"It was a hot day, and the island is very popular now," Shaw said of the park that logged 4.2 million visitors for 2017. "We've seen attendance rise over the last three years, and we expect it to rise this year, too."
At least one other state park closed to traffic Monday based on capacity issues. Holland State Park in Ottawa County shut down at 10 a.m., Olson said.
"It's way more common on some of beach parks along Lake Michigan than Belle Isle by a long shot," he said.
Monday's closure isn't the first for Belle Isle in response to large crowds historically, or since the state assumed its 30-year lease of Belle Isle from the city in 2014.
State officials shut down vehicle traffic a couple of years ago during a large function at the Belle Isle Casino that caused cars to back up along the Jefferson bridge. Island access is also limited during the city's annual fireworks display, Olson noted. During the June event, staff distributes only a certain number of vouchers to incoming vehicles based on available parking spaces.
Additionally, the city of Detroit had closed Belle Isle down to vehicle traffic at least four times in the decade before the state assuming its lease of the island as a state park, said Brad Dick, Detroit's general services director.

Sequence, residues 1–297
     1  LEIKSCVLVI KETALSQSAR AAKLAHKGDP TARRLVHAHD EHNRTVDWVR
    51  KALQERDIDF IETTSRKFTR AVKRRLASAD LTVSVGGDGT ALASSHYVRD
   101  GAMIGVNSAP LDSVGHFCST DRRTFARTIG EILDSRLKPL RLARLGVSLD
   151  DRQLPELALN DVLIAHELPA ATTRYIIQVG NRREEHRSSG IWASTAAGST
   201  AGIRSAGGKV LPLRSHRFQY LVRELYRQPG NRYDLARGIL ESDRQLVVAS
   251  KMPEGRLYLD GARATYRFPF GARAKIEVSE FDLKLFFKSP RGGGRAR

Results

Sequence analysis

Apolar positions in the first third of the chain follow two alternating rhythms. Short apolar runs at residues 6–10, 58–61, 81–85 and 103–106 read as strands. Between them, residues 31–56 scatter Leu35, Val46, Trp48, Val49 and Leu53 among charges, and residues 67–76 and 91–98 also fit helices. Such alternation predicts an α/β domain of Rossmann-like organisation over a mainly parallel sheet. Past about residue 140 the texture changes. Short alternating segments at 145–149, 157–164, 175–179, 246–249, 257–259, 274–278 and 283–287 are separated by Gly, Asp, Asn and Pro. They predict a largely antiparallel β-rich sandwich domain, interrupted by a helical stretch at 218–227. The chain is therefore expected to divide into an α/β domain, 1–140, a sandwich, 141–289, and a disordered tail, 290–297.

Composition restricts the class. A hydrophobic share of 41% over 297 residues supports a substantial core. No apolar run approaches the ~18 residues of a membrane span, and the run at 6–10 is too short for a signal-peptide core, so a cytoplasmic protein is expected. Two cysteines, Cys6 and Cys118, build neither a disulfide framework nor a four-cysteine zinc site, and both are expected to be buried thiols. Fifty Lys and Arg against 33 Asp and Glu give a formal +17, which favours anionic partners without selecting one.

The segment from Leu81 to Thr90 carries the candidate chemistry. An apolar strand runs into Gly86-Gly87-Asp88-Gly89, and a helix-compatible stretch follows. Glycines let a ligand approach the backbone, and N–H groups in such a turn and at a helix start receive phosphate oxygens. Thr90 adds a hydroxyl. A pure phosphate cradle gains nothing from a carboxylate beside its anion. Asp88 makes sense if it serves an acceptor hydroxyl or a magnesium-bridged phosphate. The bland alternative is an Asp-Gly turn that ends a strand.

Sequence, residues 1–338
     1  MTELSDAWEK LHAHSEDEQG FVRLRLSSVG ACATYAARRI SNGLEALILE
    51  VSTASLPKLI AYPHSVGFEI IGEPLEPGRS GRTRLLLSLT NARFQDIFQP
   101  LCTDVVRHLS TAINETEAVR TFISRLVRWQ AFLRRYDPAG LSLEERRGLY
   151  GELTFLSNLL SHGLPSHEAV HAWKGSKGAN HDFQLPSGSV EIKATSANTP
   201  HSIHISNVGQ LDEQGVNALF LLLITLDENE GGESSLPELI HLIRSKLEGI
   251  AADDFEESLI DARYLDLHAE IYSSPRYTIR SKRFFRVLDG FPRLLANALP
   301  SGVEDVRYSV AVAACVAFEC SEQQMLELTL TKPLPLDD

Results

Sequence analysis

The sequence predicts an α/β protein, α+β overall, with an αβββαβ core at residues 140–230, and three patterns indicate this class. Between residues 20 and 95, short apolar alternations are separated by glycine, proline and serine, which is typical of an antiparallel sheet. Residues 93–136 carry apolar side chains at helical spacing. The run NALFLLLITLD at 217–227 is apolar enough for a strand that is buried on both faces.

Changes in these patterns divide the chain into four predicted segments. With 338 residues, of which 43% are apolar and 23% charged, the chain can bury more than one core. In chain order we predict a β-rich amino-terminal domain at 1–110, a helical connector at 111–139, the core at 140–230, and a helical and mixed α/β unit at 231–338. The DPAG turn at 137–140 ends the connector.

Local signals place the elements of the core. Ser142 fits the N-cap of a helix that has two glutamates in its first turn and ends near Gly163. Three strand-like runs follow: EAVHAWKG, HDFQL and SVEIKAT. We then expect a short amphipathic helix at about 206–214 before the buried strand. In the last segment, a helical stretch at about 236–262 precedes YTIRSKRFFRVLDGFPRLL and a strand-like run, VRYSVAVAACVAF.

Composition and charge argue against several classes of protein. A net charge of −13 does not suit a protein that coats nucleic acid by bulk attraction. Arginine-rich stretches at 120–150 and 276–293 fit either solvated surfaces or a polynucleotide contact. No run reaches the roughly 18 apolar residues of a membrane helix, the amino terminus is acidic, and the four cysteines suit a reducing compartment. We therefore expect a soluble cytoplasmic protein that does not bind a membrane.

In previous years, Dick said the department opted for closures in consultation with law enforcement. Among the instances, he recalled, was a similar day in May with unusually high temperatures.
"Usually, it closed for health and safety purposes," he said, noting conditions that would have impaired the ability of emergency vehicles to get through. "The weather conditions combined with a holiday, it's a perfect storm for people wanting to cool off. They felt it was the proper thing to do."
Shaw said there's not a set threshold for shutting down the park, but it's always measured from the public safety standpoint. Shaw said that he doesn't believe officers issued tickets or made arrests on Monday, but there were some vehicles towed.
"You have got to park in a parking spot, and you've got to follow the rules," he said. "Public safety always comes first."